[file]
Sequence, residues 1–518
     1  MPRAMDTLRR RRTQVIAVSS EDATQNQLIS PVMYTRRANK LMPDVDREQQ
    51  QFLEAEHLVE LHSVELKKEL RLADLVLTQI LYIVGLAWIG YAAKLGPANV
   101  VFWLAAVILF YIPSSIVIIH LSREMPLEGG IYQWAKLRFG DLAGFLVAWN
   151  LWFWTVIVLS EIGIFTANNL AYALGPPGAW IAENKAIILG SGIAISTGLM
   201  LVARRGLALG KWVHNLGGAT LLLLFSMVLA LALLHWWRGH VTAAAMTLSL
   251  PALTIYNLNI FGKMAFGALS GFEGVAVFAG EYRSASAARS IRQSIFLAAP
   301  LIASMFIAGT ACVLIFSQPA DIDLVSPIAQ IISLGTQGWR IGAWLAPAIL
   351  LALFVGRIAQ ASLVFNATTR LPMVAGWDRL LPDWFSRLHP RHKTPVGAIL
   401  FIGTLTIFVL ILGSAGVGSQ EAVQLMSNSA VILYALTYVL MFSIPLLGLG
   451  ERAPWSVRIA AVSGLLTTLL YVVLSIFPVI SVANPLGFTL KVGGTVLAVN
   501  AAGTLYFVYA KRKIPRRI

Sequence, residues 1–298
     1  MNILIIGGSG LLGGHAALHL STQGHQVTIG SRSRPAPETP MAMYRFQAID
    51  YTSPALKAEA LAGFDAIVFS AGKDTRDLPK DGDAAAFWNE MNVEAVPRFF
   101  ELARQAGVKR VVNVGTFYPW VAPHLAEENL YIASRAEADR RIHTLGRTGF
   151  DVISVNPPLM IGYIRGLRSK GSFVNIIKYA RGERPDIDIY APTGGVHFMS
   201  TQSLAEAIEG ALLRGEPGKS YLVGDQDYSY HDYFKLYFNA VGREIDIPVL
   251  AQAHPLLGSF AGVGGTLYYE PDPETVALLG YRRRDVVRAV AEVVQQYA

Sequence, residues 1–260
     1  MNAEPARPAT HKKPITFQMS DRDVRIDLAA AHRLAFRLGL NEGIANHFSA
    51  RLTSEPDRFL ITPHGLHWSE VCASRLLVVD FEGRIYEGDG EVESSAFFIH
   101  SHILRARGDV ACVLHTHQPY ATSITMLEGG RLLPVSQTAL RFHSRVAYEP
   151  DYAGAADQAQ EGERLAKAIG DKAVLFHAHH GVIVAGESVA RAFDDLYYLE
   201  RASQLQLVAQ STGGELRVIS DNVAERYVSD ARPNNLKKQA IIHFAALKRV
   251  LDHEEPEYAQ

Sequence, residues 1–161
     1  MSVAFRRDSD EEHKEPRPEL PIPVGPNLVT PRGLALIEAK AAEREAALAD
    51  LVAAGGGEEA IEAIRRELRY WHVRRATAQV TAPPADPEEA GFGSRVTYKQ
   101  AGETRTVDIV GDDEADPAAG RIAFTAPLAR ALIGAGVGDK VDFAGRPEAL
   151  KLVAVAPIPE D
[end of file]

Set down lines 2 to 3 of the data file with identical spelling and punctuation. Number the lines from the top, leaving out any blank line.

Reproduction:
     1  MPRAMDTLRR RRTQVIAVSS EDATQNQLIS PVMYTRRANK LMPDVDREQQ
    51  QFLEAEHLVE LHSVELKKEL RLADLVLTQI LYIVGLAWIG YAAKLGPANV